by Virginia Carraway Stark
Photographic evidence of the paranormal is sort of a holy grail of the paranormal world. If only I had my camera ready when I saw that- well, whatever it was you may or may not have seen. It’s become a bit of a joke, there’s a UFO landing and for whatever reason the only pictures of it are blurry beyond the point of recognition. Sasquatch, lochness monster, alien pictures by the score are blurred and poor quality it seems almost define pictures taken in the paranormal world. These poor quality pictures detract from proving the paranormal and contributes to the fringe nature of the paranormal.
One of the best things that you can do to help contribute to the use of photographic evidence in the paranormal is to learn how to take better pictures. Taking pictures has several parts to it. The first part is obviously: Your subject matter. If a cloud sort of looks like a face or you think you are seeing demons in flames you have to understand that this perception is not verifiable proof. Things look like other things to our minds. Humans are highly associative creatures and we look for patterns and for similarities. Clouds can look like elephants, angels, a laughing child or a demon from hell. This isn’t proof, it is an associative and creative mindset. If you want to prove something is paranormal then you are likely looking at capturing something like a Sasquatch or the lochness monster. These aren’t subjective to our brain’s interpretations of them, these are (in theory) animals that can be photographed the same way that your dog or cat can be photographed to prove that they exist.
Choose your subject matter wisely in order to lend credence to it. Streaks of light, bits of shadow, the fabled ‘orbs’ and many other so-called phenomenon result because of human error when using digital equipment or from bits of dust, debris and insects. These little bits of things reflect light or block light and so they come off as looking very different on camera than they do in real life. You might not have any idea that a fly photo-bombed the adorable picture of your nephew and all that the eye of the camera picks of is a blaze of light where the insect reflected the light. This is an interesting effect but the truth of that matter is that it isn’t guardian angel or a bit of aura or a force of evil, it’s a bug. If we say every bug we see is something out of the ordinary then we cease to be truthfully seeking proof of the extraordinary.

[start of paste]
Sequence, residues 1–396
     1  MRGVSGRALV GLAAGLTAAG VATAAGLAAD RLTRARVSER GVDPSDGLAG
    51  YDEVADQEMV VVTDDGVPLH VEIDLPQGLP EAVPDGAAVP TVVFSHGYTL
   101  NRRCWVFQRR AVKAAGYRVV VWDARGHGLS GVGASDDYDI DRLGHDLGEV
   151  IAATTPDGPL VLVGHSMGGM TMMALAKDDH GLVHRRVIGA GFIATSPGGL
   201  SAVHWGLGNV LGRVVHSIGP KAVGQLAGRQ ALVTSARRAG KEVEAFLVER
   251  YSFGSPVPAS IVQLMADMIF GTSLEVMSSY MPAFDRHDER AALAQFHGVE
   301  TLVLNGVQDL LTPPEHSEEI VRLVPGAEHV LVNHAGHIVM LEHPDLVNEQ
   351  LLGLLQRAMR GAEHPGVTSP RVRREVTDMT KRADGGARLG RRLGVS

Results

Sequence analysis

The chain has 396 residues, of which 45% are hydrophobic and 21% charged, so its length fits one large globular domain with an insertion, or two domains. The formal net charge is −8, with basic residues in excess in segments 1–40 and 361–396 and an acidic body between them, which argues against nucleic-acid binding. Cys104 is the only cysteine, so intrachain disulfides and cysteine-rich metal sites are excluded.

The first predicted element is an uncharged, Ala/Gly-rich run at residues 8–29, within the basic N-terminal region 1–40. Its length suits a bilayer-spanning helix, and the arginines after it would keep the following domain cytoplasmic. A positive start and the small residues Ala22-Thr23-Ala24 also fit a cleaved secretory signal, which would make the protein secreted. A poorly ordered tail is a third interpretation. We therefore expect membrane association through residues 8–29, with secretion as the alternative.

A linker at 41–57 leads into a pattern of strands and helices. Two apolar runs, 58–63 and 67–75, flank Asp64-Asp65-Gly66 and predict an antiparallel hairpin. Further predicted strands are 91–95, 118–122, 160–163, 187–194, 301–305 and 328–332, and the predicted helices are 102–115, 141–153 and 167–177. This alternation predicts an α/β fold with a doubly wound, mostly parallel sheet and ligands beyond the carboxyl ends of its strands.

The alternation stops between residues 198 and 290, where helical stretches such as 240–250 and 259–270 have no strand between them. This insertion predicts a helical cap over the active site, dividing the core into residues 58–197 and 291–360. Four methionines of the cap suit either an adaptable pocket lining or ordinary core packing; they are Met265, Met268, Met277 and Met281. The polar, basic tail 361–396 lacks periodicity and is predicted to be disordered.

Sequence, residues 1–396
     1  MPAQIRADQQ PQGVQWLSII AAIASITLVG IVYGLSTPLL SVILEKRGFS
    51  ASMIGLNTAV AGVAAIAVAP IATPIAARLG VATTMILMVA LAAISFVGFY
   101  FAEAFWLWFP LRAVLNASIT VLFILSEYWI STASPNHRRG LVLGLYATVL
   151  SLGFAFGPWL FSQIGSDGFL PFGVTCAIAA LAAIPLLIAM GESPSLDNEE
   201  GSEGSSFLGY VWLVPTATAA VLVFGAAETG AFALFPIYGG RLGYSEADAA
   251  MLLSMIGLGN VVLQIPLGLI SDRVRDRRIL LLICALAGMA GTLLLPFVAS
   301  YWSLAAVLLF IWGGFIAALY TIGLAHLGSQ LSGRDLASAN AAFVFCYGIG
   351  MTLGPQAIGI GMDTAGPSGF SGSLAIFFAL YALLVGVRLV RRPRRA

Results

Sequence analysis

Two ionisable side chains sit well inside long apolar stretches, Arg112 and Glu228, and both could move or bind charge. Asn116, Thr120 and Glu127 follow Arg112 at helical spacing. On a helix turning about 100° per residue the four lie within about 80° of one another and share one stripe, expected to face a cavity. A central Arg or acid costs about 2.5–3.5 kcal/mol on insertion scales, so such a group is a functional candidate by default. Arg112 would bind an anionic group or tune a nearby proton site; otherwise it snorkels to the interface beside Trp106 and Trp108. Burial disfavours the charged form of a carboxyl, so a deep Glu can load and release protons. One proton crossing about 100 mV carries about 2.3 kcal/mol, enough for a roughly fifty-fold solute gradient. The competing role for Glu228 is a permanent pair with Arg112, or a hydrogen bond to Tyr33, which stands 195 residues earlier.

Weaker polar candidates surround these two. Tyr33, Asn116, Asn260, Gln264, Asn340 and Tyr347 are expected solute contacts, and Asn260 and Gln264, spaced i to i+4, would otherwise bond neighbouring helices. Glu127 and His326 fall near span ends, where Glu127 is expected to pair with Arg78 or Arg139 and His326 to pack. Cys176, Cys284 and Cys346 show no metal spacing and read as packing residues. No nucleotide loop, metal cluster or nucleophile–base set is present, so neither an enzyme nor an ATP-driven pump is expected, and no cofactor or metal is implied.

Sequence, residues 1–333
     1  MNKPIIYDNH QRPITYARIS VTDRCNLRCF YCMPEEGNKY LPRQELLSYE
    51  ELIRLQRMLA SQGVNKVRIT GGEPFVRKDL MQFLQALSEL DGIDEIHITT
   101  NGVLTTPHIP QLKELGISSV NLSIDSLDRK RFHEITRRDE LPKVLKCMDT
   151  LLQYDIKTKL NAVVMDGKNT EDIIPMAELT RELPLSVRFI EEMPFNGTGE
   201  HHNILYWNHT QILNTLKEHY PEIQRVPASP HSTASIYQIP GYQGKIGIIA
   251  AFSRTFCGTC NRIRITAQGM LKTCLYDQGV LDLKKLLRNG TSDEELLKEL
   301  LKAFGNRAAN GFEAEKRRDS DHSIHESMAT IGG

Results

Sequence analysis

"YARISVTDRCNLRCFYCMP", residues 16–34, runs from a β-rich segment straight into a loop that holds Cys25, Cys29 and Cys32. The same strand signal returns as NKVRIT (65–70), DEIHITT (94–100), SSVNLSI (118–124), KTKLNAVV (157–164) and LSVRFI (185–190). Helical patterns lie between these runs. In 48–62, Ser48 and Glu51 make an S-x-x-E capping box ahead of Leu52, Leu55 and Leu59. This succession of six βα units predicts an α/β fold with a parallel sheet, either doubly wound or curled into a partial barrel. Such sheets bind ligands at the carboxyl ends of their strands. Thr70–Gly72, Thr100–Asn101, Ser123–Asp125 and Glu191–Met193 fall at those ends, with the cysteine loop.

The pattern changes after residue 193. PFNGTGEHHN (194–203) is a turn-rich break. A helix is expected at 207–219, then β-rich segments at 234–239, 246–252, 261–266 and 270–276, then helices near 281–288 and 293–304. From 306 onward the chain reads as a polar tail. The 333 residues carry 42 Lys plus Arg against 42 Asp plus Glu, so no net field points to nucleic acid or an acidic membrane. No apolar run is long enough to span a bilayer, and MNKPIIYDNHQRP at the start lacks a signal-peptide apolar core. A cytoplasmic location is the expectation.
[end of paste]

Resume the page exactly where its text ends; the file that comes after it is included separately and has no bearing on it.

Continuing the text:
Our eyes may deceive us and a camera is merely a mechanical eye that can also be easily deceived. This is why it is so difficult to show people a picture and claim it as definitive proof. Special effects, apps and photo-shop all denigrate the integrity of photographs even further. Use integrity in you photos, never use apps or special effects to ‘augment’ your claims of the paranormal. Patience, integrity and diligence are the way to prove your claim.
The second most important part of a photograph is your equipment and your capabilities and understanding of the tools you are using. That is addressed in How to Hold a Camera and Other Tips for Taking Accurate Pictures of the Paranormal.